Most students I’ve met are also juggling several roles, and online programs allow flexibility for those with a lot of things up in the air. However, the ability to attend class in pajamas can lend a false sense of security; it’s easy to lose track of deadlines and projects when classwork is squeezed in whenever you find a spare moment. I carved out mornings for classwork, and after the kids came home from school, we did homework together. During my lunch breaks at work, homework; after I came home from work, homework. Basically, the semester was homework with real life “squeezed in whenever”. But those hours I’d specifically carved out for school work were sacrosanct (in theory – I’m a parent). Which brings me to my next point…

MOVE IT OR LOSE IT:

When I had pneumonia shortly before the semester began, I asked my doctor how long it would take to recover. She replied it would be a few weeks and joked, “Why, do you have a marathon planned?” I explained I’d soon have a full load in graduate school, plus my part-time job and three kids, so yes, I had a marathon planned. She advised me, as she survived medical school and residency with kids, to make time for exercise. When I asked hopefully if “exercise” included the movement of Dr Pepper or chocolate in hand to mouth, she laughed and said it could at times, but actual exercise would keep me sane. It didn’t matter what I did, as long as I got up and moved for at least 30 minutes a day. Remember the wise words of Elle Woods? “Exercise gives you endorphins. Endorphins make you happy. Happy people just don’t shoot their husbands.”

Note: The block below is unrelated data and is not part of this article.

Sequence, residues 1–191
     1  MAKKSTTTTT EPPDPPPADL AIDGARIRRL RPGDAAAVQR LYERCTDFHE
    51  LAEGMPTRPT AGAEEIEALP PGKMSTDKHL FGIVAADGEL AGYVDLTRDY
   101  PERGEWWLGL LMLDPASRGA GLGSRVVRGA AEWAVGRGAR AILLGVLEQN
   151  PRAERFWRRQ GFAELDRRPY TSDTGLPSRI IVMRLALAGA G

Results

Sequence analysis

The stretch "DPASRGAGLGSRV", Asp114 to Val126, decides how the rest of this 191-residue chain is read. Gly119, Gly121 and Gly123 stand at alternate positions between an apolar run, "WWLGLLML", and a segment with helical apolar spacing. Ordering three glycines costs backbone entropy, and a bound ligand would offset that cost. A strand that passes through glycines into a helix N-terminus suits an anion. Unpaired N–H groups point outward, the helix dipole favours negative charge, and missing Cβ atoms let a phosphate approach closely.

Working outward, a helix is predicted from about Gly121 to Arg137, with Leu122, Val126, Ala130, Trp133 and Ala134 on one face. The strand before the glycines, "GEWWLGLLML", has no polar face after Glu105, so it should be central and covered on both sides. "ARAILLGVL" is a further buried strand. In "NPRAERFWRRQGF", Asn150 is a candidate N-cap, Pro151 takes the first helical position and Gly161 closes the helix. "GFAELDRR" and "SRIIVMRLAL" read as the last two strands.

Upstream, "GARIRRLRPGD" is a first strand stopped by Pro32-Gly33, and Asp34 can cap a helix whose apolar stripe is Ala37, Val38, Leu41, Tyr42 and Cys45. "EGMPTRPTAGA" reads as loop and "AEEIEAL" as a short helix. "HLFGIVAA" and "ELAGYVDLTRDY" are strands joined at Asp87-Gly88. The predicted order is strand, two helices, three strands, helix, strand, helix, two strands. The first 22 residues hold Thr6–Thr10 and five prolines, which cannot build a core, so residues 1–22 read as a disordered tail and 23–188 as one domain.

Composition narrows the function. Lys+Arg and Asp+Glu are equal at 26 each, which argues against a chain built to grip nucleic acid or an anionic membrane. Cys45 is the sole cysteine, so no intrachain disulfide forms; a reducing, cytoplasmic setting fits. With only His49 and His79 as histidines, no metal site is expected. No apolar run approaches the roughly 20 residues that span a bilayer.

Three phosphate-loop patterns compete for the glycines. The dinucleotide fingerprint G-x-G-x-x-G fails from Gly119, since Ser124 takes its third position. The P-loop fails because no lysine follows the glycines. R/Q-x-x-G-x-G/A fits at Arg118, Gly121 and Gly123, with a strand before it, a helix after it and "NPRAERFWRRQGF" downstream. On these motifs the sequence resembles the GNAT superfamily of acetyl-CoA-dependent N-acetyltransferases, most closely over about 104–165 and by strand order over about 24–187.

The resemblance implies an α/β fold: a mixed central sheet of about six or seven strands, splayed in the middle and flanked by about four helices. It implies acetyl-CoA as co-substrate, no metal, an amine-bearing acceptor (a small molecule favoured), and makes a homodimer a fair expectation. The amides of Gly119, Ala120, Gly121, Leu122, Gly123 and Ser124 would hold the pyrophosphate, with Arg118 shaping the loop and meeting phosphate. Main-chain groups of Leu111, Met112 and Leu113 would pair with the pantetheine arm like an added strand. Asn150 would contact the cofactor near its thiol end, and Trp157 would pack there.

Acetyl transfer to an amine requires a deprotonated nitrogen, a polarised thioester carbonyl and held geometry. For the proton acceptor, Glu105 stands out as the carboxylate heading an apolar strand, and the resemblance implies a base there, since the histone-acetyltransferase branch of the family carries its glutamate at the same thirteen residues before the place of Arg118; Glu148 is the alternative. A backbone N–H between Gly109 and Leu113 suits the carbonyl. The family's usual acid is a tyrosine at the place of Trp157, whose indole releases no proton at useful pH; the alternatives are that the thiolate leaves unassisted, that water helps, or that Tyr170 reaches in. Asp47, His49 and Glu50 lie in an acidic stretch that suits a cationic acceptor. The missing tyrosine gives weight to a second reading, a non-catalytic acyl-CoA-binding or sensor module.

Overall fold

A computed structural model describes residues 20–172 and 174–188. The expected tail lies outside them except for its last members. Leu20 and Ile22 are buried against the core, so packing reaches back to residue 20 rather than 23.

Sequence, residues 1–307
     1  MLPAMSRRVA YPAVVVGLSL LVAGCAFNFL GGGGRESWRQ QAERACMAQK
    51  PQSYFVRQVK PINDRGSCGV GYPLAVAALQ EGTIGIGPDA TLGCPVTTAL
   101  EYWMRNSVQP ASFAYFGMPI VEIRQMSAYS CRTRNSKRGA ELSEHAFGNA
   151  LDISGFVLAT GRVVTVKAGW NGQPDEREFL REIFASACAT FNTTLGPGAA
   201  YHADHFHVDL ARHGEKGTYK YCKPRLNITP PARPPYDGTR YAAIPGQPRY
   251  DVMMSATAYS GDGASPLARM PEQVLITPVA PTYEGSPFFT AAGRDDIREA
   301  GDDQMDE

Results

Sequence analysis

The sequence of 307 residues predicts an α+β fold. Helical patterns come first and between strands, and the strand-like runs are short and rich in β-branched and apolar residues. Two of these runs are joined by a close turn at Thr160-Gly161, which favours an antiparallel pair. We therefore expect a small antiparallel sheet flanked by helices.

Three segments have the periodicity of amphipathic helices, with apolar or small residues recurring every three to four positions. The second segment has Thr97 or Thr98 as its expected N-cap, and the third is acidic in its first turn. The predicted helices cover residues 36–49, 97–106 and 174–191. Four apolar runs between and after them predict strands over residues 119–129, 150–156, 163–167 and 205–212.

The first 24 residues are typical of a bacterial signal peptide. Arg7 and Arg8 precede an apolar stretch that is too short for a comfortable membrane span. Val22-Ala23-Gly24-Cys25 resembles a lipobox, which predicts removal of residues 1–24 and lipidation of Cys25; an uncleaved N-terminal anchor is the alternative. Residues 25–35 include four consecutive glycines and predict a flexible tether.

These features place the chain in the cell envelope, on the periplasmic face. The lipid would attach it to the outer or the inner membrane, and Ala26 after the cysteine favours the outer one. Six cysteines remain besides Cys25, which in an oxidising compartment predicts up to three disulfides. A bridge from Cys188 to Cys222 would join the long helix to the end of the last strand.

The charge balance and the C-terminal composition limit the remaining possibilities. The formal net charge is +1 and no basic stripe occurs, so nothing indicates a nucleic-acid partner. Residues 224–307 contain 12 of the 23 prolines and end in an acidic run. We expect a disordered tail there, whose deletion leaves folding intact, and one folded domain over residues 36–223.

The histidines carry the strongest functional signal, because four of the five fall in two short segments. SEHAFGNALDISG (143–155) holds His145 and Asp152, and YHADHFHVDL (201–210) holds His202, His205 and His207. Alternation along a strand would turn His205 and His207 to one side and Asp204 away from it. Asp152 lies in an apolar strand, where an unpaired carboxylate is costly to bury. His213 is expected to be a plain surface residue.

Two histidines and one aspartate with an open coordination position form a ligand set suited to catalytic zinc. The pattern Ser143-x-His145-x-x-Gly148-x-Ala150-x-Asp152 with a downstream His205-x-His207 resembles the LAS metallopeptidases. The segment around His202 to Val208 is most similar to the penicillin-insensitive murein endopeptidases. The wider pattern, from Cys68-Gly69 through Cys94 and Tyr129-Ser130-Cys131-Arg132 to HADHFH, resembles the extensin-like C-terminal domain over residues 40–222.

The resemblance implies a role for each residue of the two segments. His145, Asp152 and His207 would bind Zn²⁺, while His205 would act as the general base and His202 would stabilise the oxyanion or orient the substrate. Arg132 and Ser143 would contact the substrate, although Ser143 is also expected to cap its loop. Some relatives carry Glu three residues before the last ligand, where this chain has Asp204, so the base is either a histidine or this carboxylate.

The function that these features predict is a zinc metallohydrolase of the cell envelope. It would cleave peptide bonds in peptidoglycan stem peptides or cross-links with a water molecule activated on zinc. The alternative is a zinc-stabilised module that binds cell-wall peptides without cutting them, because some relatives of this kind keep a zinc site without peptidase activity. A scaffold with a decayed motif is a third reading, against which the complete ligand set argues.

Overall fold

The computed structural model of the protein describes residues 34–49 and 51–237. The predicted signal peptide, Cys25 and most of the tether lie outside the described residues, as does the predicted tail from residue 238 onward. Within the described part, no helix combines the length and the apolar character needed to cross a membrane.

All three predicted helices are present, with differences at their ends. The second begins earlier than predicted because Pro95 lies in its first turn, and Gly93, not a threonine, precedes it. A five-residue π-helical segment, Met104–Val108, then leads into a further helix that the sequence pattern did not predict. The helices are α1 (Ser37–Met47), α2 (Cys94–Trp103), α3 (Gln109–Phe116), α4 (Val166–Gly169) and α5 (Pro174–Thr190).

REMEMBER YOUR PASSION:

It’s a safe bet if you’re in graduate school for library science, you want to be there. If you’re exploring the ALSC site and found this post, you’re probably interested in library services for children. Nevertheless, at one time or another during library school, you’ll find yourself wondering why you traded Netflix binges after work for writing research papers until dawn. But then you’ll find that one class or idea that sets your world aflame with possibilities and everything’s touched by the burning to know more. That’s the hope, at least. If your studies haven’t uncovered something yet, then recall what inspired you to be a librarian. Was it a librarian who touched your life? Quirky picture books? Your love of cardigans, cats, or library-cake memes? Suggested pick-me-ups: Neil Gaiman’s “libraries are the future” lecture or Library Journal’s inspiration board on Pinterest.

One last tip:

There might be a learning curve on your ride, but don’t worry. Just lean into it. Embrace the opportunity to grow and stretch your skills, maybe even throw your hands up in the air and scream. It will eventually come to an end and you’ll roll to a stop, amazed you’ve come so far despite how quickly it went.

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Today’s Guest Blogger is Stephanie Milberger. Stephanie is a youth librarianship student in the College of Information at the University of North Texas and children’s assistant at the Highland Park Library in Dallas. You can contact her online at Twitter (@milbergers) or email milbergers@gmail.com.

Please note that as a guest post, the views expressed here do not represent the official position of ALA or ALSC.

If you’d like to write a guest post for the ALSC Blog, please contact Mary Voors, ALSC Blog manager, at alscblog@gmail.com.

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11. Knitting Club for Tweens – a step-by-step how-to guide

Hand knitting has been around for arguably thousands of years, though in modern times its popularity has waxed and waned.  Waldorf schools around the world have long recognized that teaching young children handicrafts helps develop their fine motor and analytical skills. The great thing is, libraries can promote knitting, too! Currently, knitting is very popular and many libraries have started their own knitting circles. Here are several reasons to start a knitting circle for tweens at your library and a step-by-step list on how to get started:

Step 1